A European technology platform supporting smartphone apps that can track people at risk of infection from the new coronavirus is getting support from governments, one of the main promoters said Friday.
Seven countries have formally supported the Pan-European Privacy Preserving Proximity Tracing (PEPP-PT https://www.pepp-pt.org) initiative or commissioned one of its members to develop a national app, German tech told entrepreneur Chris Boos to Reuters. PEPP-PT has emerged as a leading advocate of using short-range Bluetooth communications between personal devices as a proxy to measure the risk that a person infected with coronavirus can transmit it.
“Many larger countries have dedicated their app teams to build on what we deliver,” said Boos, co-founder of PEPP-PT and founder of Arago, a business automation startup, in an interview. He mentioned Austria, Germany, France, Italy, Malta, Spain and Switzerland, adding that another 40 countries had registered and were brought on board.
More than 200 scientists and technologists are collaborating on PEPP-PT, conceived as the backbone of national apps that would adhere to Europe’s strict privacy rules and that can “talk” across borders. Technologists are rushing to devise digital methods to fight a disease that has infected more than 2 million people worldwide, 150,000 of whom have died.
Automating the assessment of who is at risk and telling them to see a doctor, get tested or isolate themselves is seen by lawyers as a way to speed up a tedious task that typically involves phone calls and door knocking # DATA PRIVACY
The approach is based on work https://science.sciencemag.org/content/early/2020/04/09/science.abb6936 by researchers at Oxford University’s Big Data Institute who claim that as 60% of the population is so & # 39; using an app that would be enough to quell the pandemic. This would be difficult to achieve if apps are voluntary. But even with a lower recording, one infection can be prevented by every 1 or 2 people using an app, Christophe Fraser of Oxford told a separate video briefing.
However, a tear has arisen among technologists around data privacy issues, with some prefering decentralized approaches that do not host sensitive data on a main server through more centralized systems. Angry said PEPP-PT could work in either situation. “Both models have their advantages and disadvantages … A country has to choose which system it needs.”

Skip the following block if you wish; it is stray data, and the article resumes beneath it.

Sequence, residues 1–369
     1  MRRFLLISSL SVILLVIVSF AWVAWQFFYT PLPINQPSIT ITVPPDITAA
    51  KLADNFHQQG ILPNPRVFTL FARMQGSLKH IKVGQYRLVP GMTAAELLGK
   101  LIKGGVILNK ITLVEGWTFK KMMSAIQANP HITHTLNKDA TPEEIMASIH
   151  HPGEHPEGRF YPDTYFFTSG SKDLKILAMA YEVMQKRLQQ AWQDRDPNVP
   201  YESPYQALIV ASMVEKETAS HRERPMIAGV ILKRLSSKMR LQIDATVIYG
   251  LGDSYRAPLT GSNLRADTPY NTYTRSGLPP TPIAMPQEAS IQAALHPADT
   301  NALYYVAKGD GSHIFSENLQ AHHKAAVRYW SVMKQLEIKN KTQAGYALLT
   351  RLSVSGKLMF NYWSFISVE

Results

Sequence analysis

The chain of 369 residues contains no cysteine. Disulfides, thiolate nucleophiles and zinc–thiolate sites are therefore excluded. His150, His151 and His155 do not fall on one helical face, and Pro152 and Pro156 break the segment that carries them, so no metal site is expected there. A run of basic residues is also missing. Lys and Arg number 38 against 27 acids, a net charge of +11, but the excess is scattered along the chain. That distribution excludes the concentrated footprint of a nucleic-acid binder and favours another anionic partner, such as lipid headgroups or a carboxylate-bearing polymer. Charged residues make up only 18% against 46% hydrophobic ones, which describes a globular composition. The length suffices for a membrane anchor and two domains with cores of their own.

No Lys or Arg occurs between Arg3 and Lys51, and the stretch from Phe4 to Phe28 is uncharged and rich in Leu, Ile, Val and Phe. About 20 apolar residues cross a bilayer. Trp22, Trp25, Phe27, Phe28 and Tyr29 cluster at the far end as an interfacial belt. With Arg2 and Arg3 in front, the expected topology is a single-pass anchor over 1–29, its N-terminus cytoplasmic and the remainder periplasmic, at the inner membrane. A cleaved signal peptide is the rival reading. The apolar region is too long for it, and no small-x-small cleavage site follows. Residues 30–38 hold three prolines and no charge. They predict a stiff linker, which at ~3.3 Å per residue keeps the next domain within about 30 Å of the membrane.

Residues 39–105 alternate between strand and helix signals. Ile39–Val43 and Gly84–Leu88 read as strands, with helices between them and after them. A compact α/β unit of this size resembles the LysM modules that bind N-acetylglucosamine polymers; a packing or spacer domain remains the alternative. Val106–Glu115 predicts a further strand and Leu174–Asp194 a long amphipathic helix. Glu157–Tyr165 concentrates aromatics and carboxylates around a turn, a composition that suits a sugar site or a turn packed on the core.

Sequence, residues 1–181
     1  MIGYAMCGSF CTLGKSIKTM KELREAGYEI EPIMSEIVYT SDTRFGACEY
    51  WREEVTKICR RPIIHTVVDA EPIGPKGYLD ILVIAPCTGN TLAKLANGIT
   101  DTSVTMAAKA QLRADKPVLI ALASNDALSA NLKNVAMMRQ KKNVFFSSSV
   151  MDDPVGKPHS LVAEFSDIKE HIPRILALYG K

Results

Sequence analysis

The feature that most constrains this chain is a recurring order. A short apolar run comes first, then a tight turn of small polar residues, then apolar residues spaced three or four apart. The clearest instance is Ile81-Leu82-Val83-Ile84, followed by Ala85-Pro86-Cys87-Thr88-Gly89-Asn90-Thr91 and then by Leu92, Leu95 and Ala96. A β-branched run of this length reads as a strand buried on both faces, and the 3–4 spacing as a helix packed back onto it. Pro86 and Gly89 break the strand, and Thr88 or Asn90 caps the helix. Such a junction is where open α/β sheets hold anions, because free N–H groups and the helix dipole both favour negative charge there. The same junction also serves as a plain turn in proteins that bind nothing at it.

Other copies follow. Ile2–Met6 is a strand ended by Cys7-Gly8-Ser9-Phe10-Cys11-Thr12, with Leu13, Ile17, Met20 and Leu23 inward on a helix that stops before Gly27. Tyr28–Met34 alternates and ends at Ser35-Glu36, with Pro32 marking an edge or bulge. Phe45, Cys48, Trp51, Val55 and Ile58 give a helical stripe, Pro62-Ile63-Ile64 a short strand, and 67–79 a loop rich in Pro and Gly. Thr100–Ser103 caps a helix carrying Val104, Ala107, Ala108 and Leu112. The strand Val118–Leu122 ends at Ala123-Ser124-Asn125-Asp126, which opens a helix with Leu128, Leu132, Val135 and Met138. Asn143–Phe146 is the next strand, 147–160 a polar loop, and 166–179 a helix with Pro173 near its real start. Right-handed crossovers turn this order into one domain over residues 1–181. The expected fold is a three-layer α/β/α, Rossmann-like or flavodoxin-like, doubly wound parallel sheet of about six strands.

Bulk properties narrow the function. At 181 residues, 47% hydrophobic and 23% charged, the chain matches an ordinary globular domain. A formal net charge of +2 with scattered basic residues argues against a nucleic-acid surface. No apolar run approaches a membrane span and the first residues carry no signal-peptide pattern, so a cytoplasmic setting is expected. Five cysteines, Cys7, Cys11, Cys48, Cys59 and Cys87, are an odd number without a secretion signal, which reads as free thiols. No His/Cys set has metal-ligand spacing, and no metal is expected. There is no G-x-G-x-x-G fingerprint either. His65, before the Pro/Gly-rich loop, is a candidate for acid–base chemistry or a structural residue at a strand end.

Italy has supported a contact tracing app developed by Milan-based startup Bending Spoons, a member of PEPP-PT, while Germany plans to roll out an app under development at the Fraunhofer Heinrich Hertz Institute, another participant. In France, the digital research institute INRIA is also developing an app based on PEPP-PT. “We are fully committed to making this pan-European initiative a success,” said INRIA head Bruno Sportisse.
PEPP-PT has been criticized by supporters of a decentralized protocol called DP-3T https://github.com/DP-3T/documents/blob/master/DP3T%20White%20Paper.pdf, with early support from Marcel Salathe of the Swiss Federal The Institute of Technology in Lausanne publicly distances itself from it on Friday. Angry said DP-3T still played a role. He also responded to criticisms that PEPP-PT was too secretive, promising to publish his documentation for public review on Friday.
Friday’s briefing on the video conferencing app Zoom was hacked by someone who posted racist comments. The case of so-called Zoom bombing, Boos admitted, recalled that the PEPP-PT platform had to be safe and secure.
(This story has not been edited by staff and is automatically generated from a syndicated feed.)